I’m actively working on submitting my pieces to other galleries and hope to expand my reach in the coming year. I want to thank Brad at MSA for giving my art an opportunity to be viewed by the public.

Digitizing the Glitch

When working with analog signal glitching, the resulting output is too corrupt for digital devices to understand. They will most often blank out and say lost signal, especially when the glitching becomes too extreme. In order to correct this, you need to use a device called a Time Base Corrector. This video on Youtube does a good job at explaining TBC and gives examples of some of the more popular ones.

Based on his recommendations, I was able to snag a Sima SFX9 off eBay. They’re rather hard to come by now, so I was happy to find one in working condition.

The SFX9 has some pretty cool features for video mixing. I got it setup going into my CRT first just to make sure it worked. Using the two channels, I created a loop for the glitching so that the dry signal went into Video1 and then used that to make the wet signal in Video2. This allows me to mix, wipe, and key the signal as an overlay.

I didn’t capture my initial tests but I was very happy with the results. The SFX9 has no apparent delay on the effects and it handles the glitching wonderfully. However, the resulting output is different from when I go straight into the CRT from my circuit bent equipment.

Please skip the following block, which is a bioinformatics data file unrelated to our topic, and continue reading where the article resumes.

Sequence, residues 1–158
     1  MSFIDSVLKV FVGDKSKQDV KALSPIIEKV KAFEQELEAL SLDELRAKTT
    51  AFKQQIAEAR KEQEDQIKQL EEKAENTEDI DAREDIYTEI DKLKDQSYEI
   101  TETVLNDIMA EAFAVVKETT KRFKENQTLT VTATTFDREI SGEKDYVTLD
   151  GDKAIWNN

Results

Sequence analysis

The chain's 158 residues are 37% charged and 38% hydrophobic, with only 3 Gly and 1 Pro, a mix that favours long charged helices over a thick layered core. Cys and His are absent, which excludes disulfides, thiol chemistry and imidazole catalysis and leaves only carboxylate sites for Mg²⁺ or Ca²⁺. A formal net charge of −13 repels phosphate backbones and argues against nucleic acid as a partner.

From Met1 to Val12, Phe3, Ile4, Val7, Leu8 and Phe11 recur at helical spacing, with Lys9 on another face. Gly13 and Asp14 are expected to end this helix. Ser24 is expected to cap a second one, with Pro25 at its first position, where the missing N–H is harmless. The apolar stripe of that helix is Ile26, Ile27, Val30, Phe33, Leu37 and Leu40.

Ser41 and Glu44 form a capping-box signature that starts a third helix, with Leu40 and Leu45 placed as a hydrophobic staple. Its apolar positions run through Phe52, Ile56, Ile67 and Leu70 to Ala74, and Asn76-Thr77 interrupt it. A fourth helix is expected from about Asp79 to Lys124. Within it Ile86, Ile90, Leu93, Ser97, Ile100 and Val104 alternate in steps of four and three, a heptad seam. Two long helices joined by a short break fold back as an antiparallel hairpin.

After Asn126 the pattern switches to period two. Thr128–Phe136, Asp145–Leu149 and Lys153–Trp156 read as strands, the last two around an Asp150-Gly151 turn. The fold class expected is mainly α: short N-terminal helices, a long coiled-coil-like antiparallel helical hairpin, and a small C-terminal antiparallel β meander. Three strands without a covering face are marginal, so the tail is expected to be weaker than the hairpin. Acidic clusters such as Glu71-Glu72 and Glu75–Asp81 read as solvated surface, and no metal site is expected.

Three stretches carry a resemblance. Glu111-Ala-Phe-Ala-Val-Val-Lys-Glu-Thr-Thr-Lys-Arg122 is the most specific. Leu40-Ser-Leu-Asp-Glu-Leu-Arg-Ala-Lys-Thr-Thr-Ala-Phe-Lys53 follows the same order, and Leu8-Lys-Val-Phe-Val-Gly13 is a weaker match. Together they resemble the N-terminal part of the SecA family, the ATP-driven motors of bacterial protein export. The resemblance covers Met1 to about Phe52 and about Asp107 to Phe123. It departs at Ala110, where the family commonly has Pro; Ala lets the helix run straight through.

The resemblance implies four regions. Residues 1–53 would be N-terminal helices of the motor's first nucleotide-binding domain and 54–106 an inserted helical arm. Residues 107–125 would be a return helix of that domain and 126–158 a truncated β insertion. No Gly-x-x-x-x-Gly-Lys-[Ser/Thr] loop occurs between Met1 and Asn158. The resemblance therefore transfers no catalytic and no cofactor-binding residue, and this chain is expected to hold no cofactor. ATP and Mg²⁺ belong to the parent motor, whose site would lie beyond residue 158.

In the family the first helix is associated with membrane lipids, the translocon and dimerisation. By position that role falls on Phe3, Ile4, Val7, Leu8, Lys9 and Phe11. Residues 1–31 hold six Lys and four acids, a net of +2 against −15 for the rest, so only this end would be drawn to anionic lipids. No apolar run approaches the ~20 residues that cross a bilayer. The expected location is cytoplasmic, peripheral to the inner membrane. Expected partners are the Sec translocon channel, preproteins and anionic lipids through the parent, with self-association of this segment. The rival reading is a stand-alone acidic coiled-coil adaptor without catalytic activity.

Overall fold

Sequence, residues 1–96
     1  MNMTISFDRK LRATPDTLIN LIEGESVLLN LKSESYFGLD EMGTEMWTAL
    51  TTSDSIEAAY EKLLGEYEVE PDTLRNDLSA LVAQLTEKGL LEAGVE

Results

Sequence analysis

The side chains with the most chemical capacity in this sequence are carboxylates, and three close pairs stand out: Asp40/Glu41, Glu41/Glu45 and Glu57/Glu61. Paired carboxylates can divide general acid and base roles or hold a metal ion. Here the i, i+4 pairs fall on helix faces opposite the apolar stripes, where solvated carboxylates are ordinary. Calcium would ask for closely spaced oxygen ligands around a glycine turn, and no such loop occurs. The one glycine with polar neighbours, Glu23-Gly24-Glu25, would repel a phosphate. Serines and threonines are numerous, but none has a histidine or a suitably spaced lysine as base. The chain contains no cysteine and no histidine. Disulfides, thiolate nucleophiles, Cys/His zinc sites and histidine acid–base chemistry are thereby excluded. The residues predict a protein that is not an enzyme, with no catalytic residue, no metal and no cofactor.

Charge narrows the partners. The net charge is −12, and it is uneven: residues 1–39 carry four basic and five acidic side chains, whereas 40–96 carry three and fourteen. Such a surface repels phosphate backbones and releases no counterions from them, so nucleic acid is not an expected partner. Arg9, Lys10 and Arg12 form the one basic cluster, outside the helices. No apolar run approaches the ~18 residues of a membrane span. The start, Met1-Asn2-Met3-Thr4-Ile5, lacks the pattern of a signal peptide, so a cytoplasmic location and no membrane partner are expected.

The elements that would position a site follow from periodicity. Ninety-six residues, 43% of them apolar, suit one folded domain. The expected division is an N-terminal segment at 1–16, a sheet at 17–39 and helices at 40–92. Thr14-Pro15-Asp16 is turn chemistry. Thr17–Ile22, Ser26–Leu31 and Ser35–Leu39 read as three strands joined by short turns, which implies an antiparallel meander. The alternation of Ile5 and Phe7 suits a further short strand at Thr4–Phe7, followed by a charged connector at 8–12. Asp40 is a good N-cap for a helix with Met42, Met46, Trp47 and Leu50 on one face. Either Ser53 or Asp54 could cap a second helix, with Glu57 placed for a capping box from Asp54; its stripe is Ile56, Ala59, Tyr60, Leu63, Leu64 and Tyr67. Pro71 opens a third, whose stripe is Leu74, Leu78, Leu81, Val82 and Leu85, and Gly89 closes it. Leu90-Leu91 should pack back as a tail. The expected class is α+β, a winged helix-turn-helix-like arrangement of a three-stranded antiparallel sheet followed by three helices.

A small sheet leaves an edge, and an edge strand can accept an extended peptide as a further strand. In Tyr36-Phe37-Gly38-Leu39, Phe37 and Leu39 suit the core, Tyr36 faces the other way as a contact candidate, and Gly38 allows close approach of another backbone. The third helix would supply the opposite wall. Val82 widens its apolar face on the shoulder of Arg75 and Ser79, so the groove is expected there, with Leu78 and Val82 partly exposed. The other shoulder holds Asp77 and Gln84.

Analog glitch straight into the CRT
Analog glitch through the SFX9

Even with the differences, the ability to use the setup on digital devices such as projectors and digital capture cards, I’m happy with the trade off. This mixer gets me one step closer to performing live visuals.

Dall-e 2 and Glitching

Combining glitch art with the AI was only a matter of time. With my early experiments, I used the AI output through my glitching process. With Dall-E 2 producing incredibly photorealistic renderings, I decided to give it a try to produce glitched images.

Turns out Dall-E 2 can produce some really nice glitch images! Just adding the words “glitch, data mosh” to the prompt will get the AI to produce it. Combining those terms with “vaporwave” or “synthwave” can also produce some dynamic color ranges with a variety of distortions

In the limited time I spent experimenting, the resulting renderings were very stunning. In addition to creating glitch images, Dall-E 2 does a great job of generating variations on existing glitch images.

I’ve found myself using Dall-E 2 to produce variations of existing images more than I am using it to create new ones. While it is extremely powerful at image generation, the ability to make variations on existing images makes it stand out from any of the other text-to-image AI systems.